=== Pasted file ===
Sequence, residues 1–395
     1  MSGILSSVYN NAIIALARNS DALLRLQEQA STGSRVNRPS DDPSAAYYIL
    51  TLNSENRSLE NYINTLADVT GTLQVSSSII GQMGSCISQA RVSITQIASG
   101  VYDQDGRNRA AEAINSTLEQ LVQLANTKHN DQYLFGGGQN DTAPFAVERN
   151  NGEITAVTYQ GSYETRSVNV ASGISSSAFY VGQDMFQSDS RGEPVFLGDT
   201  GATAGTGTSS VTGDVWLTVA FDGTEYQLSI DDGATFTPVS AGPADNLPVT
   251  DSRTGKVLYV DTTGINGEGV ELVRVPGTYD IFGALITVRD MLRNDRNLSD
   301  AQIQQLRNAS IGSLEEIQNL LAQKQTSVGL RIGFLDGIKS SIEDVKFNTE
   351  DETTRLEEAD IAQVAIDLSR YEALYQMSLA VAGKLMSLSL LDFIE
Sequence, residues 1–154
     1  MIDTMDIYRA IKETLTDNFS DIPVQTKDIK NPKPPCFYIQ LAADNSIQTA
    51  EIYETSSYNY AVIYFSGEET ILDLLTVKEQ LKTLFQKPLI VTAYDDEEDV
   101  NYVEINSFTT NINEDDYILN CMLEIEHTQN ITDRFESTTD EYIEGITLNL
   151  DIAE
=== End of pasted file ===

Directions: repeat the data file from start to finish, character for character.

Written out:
Sequence, residues 1–395
     1  MSGILSSVYN NAIIALARNS DALLRLQEQA STGSRVNRPS DDPSAAYYIL
    51  TLNSENRSLE NYINTLADVT GTLQVSSSII GQMGSCISQA RVSITQIASG
   101  VYDQDGRNRA AEAINSTLEQ LVQLANTKHN DQYLFGGGQN DTAPFAVERN
   151  NGEITAVTYQ GSYETRSVNV ASGISSSAFY VGQDMFQSDS RGEPVFLGDT
   201  GATAGTGTSS VTGDVWLTVA FDGTEYQLSI DDGATFTPVS AGPADNLPVT
   251  DSRTGKVLYV DTTGINGEGV ELVRVPGTYD IFGALITVRD MLRNDRNLSD
   301  AQIQQLRNAS IGSLEEIQNL LAQKQTSVGL RIGFLDGIKS SIEDVKFNTE
   351  DETTRLEEAD IAQVAIDLSR YEALYQMSLA VAGKLMSLSL LDFIE
Sequence, residues 1–154
     1  MIDTMDIYRA IKETLTDNFS DIPVQTKDIK NPKPPCFYIQ LAADNSIQTA
    51  EIYETSSYNY AVIYFSGEET ILDLLTVKEQ LKTLFQKPLI VTAYDDEEDV
   101  NYVEINSFTT NINEDDYILN CMLEIEHTQN ITDRFESTTD EYIEGITLNL
   151  DIAE